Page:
In Meerkat Mail Gravett serves up another unique picture book. Here readers meet Sunny, an adventure-seeking meerkat, as the young mongoose decides to leave his home as part of a large, busy family living in the Kalahari Desert and visit several enclaves of cousins. As readers learn through Sunny's postcards and letters home, the hospitality of the Marsh Mongoose is overshadowed by its damp abode, and the Malagasy Mongoose is far too much of a night owl to become Sunny's long-term friend. Ultimately, Sunny's overly hot and overcrowded home begins to seem very attractive. "Along with humor and suspense, [Gravett] … folds snippets of natural history into the tale," wrote a Kirkus Reviews writer, and in Publishers Weekly a critic noted that Meerkat Mail effectively "conveys not just how a landscape looks, but also how its lighting and climate feels to a very small mammal."
Other picture books written and illustrated by Gravett include Little Mouse's Big Book of Fears and Monkey and Me, the latter a story of an imaginative little girl and her beloved toy monkey. A fearful young rodent is the star of Little Mouse's Big Book of Fears, which finds the bewhiskered creature determined to deal with a number of phobias by expressing his feelings in drawing and writing. An interactive book featuring liftable flaps, die-cut holes, and fold outs, Little Mouse's Big Book of Fears is an "ingenious worrier's guide to phobias," according to London Sunday Times contributor Nicolette Jones.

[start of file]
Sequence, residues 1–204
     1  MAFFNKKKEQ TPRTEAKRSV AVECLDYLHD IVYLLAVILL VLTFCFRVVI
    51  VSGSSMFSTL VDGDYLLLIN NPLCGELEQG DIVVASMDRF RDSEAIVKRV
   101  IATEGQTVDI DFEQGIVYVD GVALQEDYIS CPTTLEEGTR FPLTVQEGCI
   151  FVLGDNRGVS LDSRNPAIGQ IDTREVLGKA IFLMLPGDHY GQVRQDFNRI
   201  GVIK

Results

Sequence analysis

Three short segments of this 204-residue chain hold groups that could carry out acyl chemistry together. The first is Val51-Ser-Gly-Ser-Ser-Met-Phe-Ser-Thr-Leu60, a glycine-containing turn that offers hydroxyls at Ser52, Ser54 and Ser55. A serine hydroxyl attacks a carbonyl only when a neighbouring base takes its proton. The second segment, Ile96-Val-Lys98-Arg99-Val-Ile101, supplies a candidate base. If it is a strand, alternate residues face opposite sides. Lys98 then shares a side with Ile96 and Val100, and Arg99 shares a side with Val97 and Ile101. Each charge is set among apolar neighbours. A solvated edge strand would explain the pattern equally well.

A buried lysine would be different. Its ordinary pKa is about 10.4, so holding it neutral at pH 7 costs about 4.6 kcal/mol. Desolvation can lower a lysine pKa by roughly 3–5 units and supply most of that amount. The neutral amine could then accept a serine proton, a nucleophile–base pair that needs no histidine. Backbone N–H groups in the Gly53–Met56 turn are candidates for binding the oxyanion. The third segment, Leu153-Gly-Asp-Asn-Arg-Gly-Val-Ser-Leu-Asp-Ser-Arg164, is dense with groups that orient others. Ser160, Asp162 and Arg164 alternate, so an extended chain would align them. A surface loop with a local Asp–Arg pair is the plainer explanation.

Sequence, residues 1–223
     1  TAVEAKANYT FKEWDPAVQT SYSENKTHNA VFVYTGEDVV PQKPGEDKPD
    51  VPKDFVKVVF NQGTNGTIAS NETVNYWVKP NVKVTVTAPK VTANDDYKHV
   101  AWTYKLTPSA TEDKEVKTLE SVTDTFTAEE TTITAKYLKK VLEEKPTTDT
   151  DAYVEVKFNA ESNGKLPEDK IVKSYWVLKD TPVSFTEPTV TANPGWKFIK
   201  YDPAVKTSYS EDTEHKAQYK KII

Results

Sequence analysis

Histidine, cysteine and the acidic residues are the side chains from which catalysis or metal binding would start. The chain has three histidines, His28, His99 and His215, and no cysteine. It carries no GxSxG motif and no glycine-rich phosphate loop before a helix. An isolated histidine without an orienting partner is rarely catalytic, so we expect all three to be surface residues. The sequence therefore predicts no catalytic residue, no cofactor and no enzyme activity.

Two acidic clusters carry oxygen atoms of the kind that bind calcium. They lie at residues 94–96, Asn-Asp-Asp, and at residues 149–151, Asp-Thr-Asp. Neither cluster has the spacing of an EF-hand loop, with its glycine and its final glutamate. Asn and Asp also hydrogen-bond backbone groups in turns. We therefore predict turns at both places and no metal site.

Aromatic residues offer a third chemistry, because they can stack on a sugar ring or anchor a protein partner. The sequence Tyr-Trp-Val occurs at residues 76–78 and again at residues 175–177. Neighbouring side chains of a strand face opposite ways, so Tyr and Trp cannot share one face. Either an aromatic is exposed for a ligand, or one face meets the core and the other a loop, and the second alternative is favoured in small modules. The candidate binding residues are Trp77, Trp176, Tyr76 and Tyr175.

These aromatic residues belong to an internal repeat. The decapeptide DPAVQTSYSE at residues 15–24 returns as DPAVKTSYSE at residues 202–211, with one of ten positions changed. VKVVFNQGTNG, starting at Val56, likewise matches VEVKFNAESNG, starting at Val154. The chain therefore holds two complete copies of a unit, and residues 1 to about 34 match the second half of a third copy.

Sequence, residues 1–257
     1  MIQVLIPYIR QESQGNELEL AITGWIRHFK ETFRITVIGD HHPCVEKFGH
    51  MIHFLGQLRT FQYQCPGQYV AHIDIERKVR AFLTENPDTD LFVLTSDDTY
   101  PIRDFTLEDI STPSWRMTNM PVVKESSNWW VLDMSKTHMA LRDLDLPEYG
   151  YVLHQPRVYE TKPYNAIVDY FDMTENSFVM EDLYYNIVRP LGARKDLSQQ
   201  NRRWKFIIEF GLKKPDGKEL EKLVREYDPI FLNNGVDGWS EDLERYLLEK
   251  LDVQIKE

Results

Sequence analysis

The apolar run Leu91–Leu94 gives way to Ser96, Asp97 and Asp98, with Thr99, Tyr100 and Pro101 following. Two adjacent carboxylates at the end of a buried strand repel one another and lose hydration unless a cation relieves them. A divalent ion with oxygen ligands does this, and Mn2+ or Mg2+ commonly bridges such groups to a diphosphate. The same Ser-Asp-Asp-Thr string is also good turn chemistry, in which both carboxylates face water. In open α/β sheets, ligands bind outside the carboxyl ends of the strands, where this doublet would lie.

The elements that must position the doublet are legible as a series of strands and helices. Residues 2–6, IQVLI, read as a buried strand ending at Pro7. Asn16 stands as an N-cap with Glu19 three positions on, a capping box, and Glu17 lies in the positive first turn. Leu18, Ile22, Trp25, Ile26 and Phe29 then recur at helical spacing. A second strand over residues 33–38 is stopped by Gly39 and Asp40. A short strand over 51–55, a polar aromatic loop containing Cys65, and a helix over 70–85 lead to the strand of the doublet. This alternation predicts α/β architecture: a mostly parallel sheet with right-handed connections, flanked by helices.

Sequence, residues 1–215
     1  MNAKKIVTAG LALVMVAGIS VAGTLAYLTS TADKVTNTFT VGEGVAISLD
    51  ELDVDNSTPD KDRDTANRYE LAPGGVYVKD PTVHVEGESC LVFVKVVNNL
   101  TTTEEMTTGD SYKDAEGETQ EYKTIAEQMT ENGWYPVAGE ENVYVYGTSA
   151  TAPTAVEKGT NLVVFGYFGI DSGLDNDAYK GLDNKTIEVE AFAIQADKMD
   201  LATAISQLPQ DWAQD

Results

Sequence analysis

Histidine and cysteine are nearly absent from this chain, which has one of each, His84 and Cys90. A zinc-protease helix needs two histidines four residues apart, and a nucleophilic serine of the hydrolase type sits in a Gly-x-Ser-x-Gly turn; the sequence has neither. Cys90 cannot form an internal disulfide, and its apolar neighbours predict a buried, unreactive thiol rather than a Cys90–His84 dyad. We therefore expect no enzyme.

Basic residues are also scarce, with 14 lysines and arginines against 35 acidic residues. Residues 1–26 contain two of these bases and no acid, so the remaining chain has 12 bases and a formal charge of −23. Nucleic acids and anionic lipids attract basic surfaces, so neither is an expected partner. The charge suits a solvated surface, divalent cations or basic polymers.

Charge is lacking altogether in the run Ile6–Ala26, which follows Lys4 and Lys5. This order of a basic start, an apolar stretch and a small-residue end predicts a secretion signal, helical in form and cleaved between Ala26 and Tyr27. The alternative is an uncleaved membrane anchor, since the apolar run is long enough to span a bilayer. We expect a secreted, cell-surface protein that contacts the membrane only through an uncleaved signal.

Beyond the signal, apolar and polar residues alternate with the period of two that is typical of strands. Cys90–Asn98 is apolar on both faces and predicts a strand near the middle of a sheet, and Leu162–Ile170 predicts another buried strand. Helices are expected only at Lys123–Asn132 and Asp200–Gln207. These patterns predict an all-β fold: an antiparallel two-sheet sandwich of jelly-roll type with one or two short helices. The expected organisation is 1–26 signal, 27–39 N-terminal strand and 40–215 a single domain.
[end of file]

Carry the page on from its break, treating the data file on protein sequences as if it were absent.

Biographical and Critical Sources
Booklist, December 1, 2006, Michael Cart, review of Wolves, p. 52; June 1, 2007, Julie Cummins, review of Orange Pear Apple Bear, p. 84.
Bookseller, October 7, 2005, "Nestlé Shortlist Revealed," p. 10; April 7, 2006, Katie Hawthorne, review of Orange Pear Apple Bear, p. 13.
Guardian (London, England), May 19, 2007, Julia Eccleshare, review of Monkey and Me, p. 20.
Herald (Glasgow, Scotland), February 3, 2007, Sara Valentin, "It Turns Out Words Can Be Fun Too," p. 13.
Horn Book, July-August, 2007, Nell Beram, review of Orange Pear Apple Bear, p. 377.
Kirkus Reviews, July 1, 2006, review of Wolves, p. 678; April 15, 2007, review of Orange Pear Apple Bear; September 1, 2007, review of Meerkat Mail.
New York Times Book Review, September 10, 2006, J.D. Biersdorfer, review of Wolves, p. 19.
Publishers Weekly, March 19, 2007, review of Orange Pear Apple Bear, p. 62; September 17, 2007, review of Meerkat Mail, p. 53.
School Library Journal, August, 2006, Kirsten Cutler, review of Wolves, p. 87; August, 2006, Rick Margolis, "Like a Rolling Stone: English Artist Emily Gravett Talks about Life on the Road and Her First Book," p. 31; April, 2007, Maryann H. Owen, review of Orange Pear Apple Bear, p. 106.
Sunday Times (London, England), August 5, 2007, Nicolette Jones, review of Little Mouse's Big Book of Fears, p. 47.
Emily Gravett Home Page,http://www.emilygravett.com (May 19, 2008).